Divorce Law

What is Divorce?

Divorce in Ireland is a legal dissolution of marriage, permitting former spouses to remarry should they choose to. Incorporated into the Constitution of Ireland in 1995 following a referendum, and further updated in 2019, the law allows divorce under specific circumstances. Formerly, spouses were required to be living apart for four out of the previous five years. However, the current law has reduced this ‘living apart’ period to two out of the preceding three years.

It is imperative that adequate provisions for spouses and any dependent children are in place, and the court must be satisfied that these conditions have been met. The final decree of divorce can only be granted once these requirements are fulfilled and the court is convinced that the marriage has irretrievably broken down. This decree legally terminates the marriage, allowing both parties to move forward independently.

Can I apply for a divorce?

Before a court can grant a divorce, the following conditions must be met:

  • the parties must have been married and living apart for a period of 2 years
  • there must be no reasonable prospect of reconciliation and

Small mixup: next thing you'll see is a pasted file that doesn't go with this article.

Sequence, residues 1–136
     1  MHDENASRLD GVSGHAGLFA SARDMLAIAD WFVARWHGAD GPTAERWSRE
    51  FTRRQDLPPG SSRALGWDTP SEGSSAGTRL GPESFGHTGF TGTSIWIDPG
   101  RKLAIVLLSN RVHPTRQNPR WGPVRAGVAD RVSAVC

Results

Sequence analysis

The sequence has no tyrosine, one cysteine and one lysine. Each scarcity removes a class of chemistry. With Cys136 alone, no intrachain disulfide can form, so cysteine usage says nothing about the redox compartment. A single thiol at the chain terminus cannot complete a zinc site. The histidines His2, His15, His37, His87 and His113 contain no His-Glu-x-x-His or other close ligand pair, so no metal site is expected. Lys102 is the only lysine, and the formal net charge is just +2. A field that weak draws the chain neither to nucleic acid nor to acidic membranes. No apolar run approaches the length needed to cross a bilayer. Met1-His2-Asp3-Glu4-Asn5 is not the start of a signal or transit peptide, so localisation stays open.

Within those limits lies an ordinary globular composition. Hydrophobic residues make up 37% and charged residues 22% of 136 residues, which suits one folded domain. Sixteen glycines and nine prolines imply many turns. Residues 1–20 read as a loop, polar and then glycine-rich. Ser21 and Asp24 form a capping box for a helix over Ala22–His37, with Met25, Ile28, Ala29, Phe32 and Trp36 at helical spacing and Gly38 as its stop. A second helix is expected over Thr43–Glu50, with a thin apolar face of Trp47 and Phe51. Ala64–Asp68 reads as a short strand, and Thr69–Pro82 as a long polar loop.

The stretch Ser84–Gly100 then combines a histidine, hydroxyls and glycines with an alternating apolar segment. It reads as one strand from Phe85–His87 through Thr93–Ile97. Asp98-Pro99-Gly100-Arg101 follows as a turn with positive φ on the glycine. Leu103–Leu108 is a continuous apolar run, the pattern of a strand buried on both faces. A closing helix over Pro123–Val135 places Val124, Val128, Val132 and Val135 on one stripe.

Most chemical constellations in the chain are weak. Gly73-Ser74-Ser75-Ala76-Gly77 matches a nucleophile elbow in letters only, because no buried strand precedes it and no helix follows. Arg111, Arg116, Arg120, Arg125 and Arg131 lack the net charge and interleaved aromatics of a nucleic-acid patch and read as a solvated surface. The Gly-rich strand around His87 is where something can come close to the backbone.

• proper arrangements must have been made or will be made for the spouse and any dependent members of the family.

Can other matters be dealt with at the same time?

Yes. Additional (ancillary) orders can be applied for in the process of divorce. They are similar to the orders that can be applied for in the process of judicial separation and include custody  and access to children, the payment of maintenance and lump sums, the transfer of property and the extinguishment of succession rights. If a pension adjustment order is required you must secure a court order to bind the trustees of the scheme.

Where a decree of judicial separation was obtained prior to an application for divorce the court can review the arrangements made in the decree of judicial separation when considering the application for divorce.

How long will it take for my application to be heard?

It is impossible to give an accurate answer to this question. There are time limits set out in the court rules for the various stages of the case. Case progression will help ensure speedy progress and adherence to time limits. However, you may have to wait until a judge is available to hear your case. It is therefore very unwise to make any arrangements (for example, re-marriage) that are dependent on your getting a divorce by a particular date. 

Áine McGuigan

Our Family Law Expert

Áine advises clients in relation to all aspects of family law including Separation Agreements, Judicial Separation and Divorce Proceedings. Her approach is to provide step by step guidance and support to clients in achieving the best outcome for them in difficult circumstances Áine can offer sensitive yet sound advice to help guide clients through the financial and legal implications and towards a solution that will allow the parties to move forward with their lives.

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